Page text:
Edward P. Gallagher, president of the American-Scandinavian Foundation/Scandinavia House, said, “We are delighted to present this extraordinary set of Hammershøi masterworks from the National Gallery of Denmark—a distinguished institution with a legacy of collecting both historic and contemporary art. Prominently featured in two recent Scandinavia House exhibitions— Luminous Modernism: Scandinavian Art Comes to America, 1912 (2011) and Danish Paintings from the Golden Age to the Modern Breakthrough: Selections from the Collection of Ambassador John L. Loeb Jr. (2013)— Hammershøi’s work is visionary in its grasp of the modernist aesthetic and has long enjoyed enormous popularity throughout Europe. This exhibition provides visitors with an opportunity to slow down, look closely at these captivating paintings, and enjoy a moment of quiet reflection.”
Vilhelm Hammershøi, Interior with the Artist’s Easel, 1910. Oil on canvas, 33 x 27 1/5 in. (84 x 69 cm). Statens Museum for Kunst, smk.com.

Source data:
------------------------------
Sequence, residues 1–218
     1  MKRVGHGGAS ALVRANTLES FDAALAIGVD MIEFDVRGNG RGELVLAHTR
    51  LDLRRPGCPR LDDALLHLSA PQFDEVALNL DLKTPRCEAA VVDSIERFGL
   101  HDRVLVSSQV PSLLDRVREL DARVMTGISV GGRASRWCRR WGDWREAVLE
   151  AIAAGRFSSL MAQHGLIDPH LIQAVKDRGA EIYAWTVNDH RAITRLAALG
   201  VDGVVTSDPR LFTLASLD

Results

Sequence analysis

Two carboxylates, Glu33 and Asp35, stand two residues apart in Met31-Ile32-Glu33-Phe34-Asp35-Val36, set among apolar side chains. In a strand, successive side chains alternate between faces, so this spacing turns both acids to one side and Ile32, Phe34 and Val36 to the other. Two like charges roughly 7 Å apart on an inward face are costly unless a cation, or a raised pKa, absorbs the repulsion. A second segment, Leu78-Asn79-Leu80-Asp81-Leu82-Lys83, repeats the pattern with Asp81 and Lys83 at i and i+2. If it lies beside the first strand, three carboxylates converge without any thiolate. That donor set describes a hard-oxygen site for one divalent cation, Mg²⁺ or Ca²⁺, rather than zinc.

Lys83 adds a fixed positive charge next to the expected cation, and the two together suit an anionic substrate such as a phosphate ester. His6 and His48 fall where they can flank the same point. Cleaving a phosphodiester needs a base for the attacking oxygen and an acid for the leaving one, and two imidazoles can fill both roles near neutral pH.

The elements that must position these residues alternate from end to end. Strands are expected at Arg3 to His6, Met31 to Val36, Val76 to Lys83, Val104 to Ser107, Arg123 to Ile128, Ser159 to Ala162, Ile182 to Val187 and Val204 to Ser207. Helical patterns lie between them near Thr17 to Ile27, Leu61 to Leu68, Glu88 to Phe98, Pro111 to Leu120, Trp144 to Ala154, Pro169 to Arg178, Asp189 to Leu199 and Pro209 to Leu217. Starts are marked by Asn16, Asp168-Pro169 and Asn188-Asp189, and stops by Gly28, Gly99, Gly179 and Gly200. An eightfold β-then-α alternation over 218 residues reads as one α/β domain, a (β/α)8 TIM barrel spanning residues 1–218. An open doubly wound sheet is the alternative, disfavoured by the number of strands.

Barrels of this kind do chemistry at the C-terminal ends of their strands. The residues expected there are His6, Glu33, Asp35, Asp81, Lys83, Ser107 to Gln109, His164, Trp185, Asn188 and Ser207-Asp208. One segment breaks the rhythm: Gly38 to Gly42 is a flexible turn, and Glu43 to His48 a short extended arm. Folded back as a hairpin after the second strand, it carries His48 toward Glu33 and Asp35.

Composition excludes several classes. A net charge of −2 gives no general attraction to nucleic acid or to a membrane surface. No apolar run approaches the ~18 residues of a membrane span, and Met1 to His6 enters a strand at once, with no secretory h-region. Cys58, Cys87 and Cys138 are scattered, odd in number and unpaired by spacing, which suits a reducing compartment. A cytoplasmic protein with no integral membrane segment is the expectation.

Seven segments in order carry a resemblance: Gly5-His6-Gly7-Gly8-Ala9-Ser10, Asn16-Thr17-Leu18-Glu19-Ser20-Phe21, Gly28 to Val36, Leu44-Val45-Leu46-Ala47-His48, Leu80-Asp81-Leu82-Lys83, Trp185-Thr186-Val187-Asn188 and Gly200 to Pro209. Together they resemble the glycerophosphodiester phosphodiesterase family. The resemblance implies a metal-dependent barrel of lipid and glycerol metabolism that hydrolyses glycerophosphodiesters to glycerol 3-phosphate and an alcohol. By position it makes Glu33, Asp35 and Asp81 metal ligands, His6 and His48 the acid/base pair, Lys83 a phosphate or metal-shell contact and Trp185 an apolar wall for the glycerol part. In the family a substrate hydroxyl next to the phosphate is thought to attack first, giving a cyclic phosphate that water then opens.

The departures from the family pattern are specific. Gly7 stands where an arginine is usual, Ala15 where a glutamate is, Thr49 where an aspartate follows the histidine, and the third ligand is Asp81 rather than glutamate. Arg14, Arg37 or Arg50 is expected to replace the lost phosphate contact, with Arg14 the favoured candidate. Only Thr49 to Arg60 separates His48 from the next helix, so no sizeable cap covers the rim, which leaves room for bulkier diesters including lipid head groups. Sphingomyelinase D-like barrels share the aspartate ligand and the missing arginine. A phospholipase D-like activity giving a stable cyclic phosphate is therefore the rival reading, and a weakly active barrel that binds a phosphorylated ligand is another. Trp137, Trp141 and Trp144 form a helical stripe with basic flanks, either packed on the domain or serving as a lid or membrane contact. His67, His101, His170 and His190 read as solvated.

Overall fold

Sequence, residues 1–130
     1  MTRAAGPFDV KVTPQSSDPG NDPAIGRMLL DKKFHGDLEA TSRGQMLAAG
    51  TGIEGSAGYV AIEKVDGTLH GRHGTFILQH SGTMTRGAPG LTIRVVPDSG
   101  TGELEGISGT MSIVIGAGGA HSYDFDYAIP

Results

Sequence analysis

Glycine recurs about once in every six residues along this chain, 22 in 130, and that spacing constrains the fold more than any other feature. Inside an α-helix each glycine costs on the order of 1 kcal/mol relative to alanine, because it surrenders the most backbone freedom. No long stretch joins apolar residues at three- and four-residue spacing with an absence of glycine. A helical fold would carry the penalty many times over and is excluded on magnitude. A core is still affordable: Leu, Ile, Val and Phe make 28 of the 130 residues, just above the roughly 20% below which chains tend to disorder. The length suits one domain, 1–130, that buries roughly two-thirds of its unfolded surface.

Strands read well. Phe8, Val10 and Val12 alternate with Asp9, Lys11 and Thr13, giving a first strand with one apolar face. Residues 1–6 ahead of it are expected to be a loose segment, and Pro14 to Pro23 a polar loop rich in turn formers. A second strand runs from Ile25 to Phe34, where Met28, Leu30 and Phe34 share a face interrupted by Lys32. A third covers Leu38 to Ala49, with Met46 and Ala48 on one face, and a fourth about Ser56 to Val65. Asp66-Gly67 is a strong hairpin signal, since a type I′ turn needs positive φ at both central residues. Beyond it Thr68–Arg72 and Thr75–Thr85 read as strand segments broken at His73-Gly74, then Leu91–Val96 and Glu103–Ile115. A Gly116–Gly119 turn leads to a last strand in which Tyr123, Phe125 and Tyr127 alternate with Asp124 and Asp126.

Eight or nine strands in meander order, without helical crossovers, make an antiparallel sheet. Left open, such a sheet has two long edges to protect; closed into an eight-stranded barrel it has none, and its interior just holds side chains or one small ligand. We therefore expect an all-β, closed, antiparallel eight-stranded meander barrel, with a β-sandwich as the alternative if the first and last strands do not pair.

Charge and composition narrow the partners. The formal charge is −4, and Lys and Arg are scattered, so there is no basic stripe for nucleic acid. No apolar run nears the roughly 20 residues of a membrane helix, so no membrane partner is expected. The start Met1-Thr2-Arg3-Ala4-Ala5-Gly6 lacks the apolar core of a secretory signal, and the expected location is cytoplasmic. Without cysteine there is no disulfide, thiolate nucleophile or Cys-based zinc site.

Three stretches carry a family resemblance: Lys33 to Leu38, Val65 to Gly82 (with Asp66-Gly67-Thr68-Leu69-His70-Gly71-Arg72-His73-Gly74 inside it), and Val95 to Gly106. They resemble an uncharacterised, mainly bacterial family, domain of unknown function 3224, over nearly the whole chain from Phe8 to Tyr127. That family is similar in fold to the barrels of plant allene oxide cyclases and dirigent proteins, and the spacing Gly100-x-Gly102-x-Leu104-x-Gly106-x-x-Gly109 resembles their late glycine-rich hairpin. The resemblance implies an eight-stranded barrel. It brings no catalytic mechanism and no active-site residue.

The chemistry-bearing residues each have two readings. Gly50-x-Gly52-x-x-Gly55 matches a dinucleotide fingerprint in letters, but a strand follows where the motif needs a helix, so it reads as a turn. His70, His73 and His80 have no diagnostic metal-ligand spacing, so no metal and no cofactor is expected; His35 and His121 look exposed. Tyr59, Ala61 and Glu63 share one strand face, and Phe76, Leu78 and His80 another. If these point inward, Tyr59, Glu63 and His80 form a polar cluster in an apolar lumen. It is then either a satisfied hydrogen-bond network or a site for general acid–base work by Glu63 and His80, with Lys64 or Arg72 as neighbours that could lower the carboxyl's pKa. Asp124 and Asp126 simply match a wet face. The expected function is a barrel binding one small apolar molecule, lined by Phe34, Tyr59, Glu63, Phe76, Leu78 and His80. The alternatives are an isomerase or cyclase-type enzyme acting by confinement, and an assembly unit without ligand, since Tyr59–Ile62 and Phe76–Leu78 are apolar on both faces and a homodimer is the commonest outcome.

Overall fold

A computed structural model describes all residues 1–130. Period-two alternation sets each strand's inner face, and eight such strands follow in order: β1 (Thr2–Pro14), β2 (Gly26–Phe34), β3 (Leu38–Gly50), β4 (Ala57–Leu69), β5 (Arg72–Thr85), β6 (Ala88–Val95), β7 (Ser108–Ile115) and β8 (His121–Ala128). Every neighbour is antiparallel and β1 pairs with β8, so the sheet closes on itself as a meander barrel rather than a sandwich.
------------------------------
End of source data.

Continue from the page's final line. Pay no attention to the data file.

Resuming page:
Dr. Monrad said, “While Hammershøi’s work reflects the special identity of modern Scandinavian art, the viewer is offered no single clue by the artist—we are never sure of his intentions. The experience becomes a contemplative one in which viewers create their own interpretations. We are delighted to provide New York audiences with that experience while also providing an opportunity to examine Hammershøi’s singular compositions, his artistic goals, and the range and consistency of his practice.”
Vilhelm Hammershøi, Interior. Artificial Light, 1909. Oil on canvas, 23 5/8 x 32 5/8 in. (60 x 82.8 cm). Statens Museum for Kunst, smk.com.
Spanning the early years of Vilhelm Hammershøi’s career, when his unorthodox work was met with bafflement by the public and awe by his contemporaries, to his later years as an internationally recognized master, Painting Tranquility illuminates the artist’s trailblazing style. While Hammershøi’s choice of subject matter was seemingly typical of the time, his depictions defied conventional expectations that were steeped in the tradition of Royal Danish Academy of Fine Arts. Rather than adhere to realistic interpretations, light and air play major roles, taking on an almost physical tactility even as material objects are dissolved and thereby creating an ethereal sensibility.